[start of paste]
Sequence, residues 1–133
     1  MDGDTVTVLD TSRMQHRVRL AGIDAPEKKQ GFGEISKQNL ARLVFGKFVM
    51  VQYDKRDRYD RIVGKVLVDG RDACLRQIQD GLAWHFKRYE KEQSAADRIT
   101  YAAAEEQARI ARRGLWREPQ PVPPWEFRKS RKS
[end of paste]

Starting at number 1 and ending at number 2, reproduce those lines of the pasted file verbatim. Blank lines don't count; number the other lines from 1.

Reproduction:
Sequence, residues 1–133
     1  MDGDTVTVLD TSRMQHRVRL AGIDAPEKKQ GFGEISKQNL ARLVFGKFVM